I was a successful young manager, doing well, and progressing well in my career. That’s what my managers told me and what was written in my performance appraisals. My internal conversation was quite different. I would worry, and be so nervous about making presentations to staff and colleagues, let alone the wider business audience. I avoided making them as much as possible.
A kind supportive more experienced colleague could see right through my projected image of “perfection”, and encouraged me to join Jaycees and participate in their Public Speaking course. Thankfully I did.
Although at the time it seemed quite traumatic. I vividly remember having to prepare a 1 minute presentation. On any topic I chose. 1 minute only! That should be a “doddle” you would think. To make it worse a video was being taken of the presentation to be replayed upon completion. From memory I had a least 7 cue cards, and practiced and practiced.
It was my turn to speak. The conversation in my head was the fastest I think I had ever experienced. I managed to get through 45 seconds, got completely flustered, forgot what I intended to say, realised I had shuffled my cue cards and that they were out of order. Out of my mouth came the words “Oh S… I’ve stuffed this up”. My Tutors encourage me to keep going, it seemed like minutes were flashing past me and I was stuck for words. Eventually I got back in to the presentation and made it through to the end. I sat down thinking I was complete failure.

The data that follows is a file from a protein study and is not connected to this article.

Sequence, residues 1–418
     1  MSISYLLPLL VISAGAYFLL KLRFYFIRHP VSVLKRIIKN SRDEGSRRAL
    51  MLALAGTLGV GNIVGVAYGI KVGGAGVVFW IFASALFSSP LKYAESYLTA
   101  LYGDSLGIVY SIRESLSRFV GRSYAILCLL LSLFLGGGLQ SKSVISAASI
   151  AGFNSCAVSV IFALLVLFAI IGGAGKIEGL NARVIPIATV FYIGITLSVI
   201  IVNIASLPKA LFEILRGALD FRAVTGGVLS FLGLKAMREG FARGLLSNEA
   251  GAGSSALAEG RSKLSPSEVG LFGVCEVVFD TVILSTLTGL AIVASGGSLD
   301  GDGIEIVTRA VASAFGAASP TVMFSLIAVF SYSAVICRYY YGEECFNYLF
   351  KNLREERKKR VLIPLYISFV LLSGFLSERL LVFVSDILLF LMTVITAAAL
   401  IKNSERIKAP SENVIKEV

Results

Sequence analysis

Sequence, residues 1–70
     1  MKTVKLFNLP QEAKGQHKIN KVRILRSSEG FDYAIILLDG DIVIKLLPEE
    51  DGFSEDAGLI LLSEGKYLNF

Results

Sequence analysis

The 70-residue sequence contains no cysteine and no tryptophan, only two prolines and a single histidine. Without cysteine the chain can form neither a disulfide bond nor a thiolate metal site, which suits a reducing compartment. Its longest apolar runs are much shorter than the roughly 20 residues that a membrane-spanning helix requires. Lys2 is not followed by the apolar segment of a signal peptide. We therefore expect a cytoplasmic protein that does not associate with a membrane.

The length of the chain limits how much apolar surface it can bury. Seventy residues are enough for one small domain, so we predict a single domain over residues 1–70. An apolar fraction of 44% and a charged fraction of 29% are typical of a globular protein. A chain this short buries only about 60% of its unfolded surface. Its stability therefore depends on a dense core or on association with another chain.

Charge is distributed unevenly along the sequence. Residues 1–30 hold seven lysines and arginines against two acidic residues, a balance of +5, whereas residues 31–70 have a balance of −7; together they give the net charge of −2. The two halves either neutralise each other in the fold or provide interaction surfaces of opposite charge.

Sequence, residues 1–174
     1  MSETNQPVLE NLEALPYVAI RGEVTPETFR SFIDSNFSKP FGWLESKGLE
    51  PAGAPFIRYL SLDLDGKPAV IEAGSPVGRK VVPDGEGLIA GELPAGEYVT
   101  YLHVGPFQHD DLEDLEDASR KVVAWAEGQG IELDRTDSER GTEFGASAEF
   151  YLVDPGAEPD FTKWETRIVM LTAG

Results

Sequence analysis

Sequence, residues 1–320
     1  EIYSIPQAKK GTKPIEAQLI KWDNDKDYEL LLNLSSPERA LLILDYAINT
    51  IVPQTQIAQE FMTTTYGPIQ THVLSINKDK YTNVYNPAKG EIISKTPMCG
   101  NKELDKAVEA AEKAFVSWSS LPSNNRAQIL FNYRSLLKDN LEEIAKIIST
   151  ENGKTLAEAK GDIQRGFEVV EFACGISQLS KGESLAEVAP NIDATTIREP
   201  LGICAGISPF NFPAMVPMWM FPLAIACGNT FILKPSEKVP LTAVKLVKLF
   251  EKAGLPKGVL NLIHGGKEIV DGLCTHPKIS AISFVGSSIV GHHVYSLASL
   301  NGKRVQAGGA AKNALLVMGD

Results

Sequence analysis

As my heart started to slow down I realized next on the agenda was the video replay. Oh no. In front of my eyes I watched a very well presented young businessman, who appeared to have really good self-confidence, speaking with charm and persuasion. At one point he paused in what seemed to be a very natural tempo and said “Oh S… I’ve stuffed this up”.
A great learning experience and eye-opener for me. How I presented to the world, how others saw me, was at the opposite extreme of my internal assessment of myself. It was the start of a journey to “get real” about myself. Being realistic in my self-assessment. Listening to others feedback about the effective, powerful likeable young businessman. Seeing more of the positive things about myself and what I did, rather than just automatically believing my negative self-talk.
Moving a long way further on, I believe personal power is taking responsibility for bringing realism to your self-assessment. If you know your tendency is to be highly self-critical of your deeds and actions, and you can notice when you do it, then you have an alternative. You have no excuse for not reflecting on the successful things you have done, the positive things you have contributed, the difference you have made in your presentation, project, your job, or whatever it is that you have been doing. And to use this realism to empower you in your life throughout the day.